Museum Hours:

Saturday 10-6

Sunday 12-5

Please Become a Member of the Museum

Courtesy of John Pinckney
Early Television Stations

W3XK - Washington, D.C.

W3XK is often claimed to be the oldest television station in the United States, possibly in the entire world. This claim is open to question, however, as there were stations on the air before W3XK. It might have been the first station to broadcast a regular schedule of television. It was operated by Charles Jenkins of Charles Jenkins Laboratories from July 2, 1928 to 1934. The station's frequency started out at 1605 kHz, but moved to 6420 kHz (6.42 MHz), and eventually moved to 2.0-2.1 mHz. It originally broadcast from a location in Washington, DC, but later moved to Wheaton, Maryland (just outside of Washington). The station first broadcast with a 48 lines picture, then with 60 lines.

Jenkins’ company, Jenkins Television Corporation, was liquidated in March 1932. Its assets were acquired by Lee DeForest Radio Corporation, which, within months, went bankrupt. The assets were then bought by RCA, which stopped all work on electromechanical television.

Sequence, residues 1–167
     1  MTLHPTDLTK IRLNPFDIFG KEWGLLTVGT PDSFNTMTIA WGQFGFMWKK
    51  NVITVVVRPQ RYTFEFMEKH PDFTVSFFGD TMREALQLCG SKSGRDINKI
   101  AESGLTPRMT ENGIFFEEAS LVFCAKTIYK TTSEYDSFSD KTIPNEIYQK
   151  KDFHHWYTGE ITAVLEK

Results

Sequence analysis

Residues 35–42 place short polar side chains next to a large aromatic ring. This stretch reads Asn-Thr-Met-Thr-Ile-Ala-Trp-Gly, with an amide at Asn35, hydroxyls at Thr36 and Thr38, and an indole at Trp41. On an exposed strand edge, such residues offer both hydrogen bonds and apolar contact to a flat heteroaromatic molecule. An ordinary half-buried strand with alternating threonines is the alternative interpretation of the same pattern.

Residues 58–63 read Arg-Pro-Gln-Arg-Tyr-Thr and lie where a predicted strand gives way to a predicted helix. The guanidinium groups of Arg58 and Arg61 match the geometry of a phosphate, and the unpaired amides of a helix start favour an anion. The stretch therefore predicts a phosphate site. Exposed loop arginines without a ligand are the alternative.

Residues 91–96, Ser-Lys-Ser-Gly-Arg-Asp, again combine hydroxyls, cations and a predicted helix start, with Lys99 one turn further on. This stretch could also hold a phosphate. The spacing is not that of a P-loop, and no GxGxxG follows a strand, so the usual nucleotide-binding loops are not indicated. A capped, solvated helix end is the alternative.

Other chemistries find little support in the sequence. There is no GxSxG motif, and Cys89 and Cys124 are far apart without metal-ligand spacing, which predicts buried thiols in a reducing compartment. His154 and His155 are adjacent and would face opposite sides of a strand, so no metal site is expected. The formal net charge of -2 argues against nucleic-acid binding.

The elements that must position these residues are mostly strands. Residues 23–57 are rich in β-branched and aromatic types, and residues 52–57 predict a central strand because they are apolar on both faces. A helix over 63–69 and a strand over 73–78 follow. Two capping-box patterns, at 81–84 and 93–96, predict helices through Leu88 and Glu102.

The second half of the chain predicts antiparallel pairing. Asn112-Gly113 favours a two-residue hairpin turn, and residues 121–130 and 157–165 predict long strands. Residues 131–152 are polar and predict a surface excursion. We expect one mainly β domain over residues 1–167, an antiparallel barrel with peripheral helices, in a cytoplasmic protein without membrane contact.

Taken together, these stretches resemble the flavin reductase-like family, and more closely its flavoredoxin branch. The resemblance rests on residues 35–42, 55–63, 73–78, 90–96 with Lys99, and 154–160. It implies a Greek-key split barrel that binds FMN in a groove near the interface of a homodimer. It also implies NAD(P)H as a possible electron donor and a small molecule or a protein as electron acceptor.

The caption on this picture, dated November 6, 1929:

Dr. C. Francis Jenkins, noted inventor and television pioneer, directing a scene in his new studio in Washington, D.C., the first devoted exclusively to the production of motion pictures to be shown to an audience by radio; note that the performers are shown in silhouette, that being the form in which the pictures are received over the air, and that the cameraman is a woman.

Jenkins with his transmitter, 1929

Washington Post, June 6, 1928

Washington Post, July 21, 1928

Courtesy of John Pinckney

Washington Post, November 20, 1931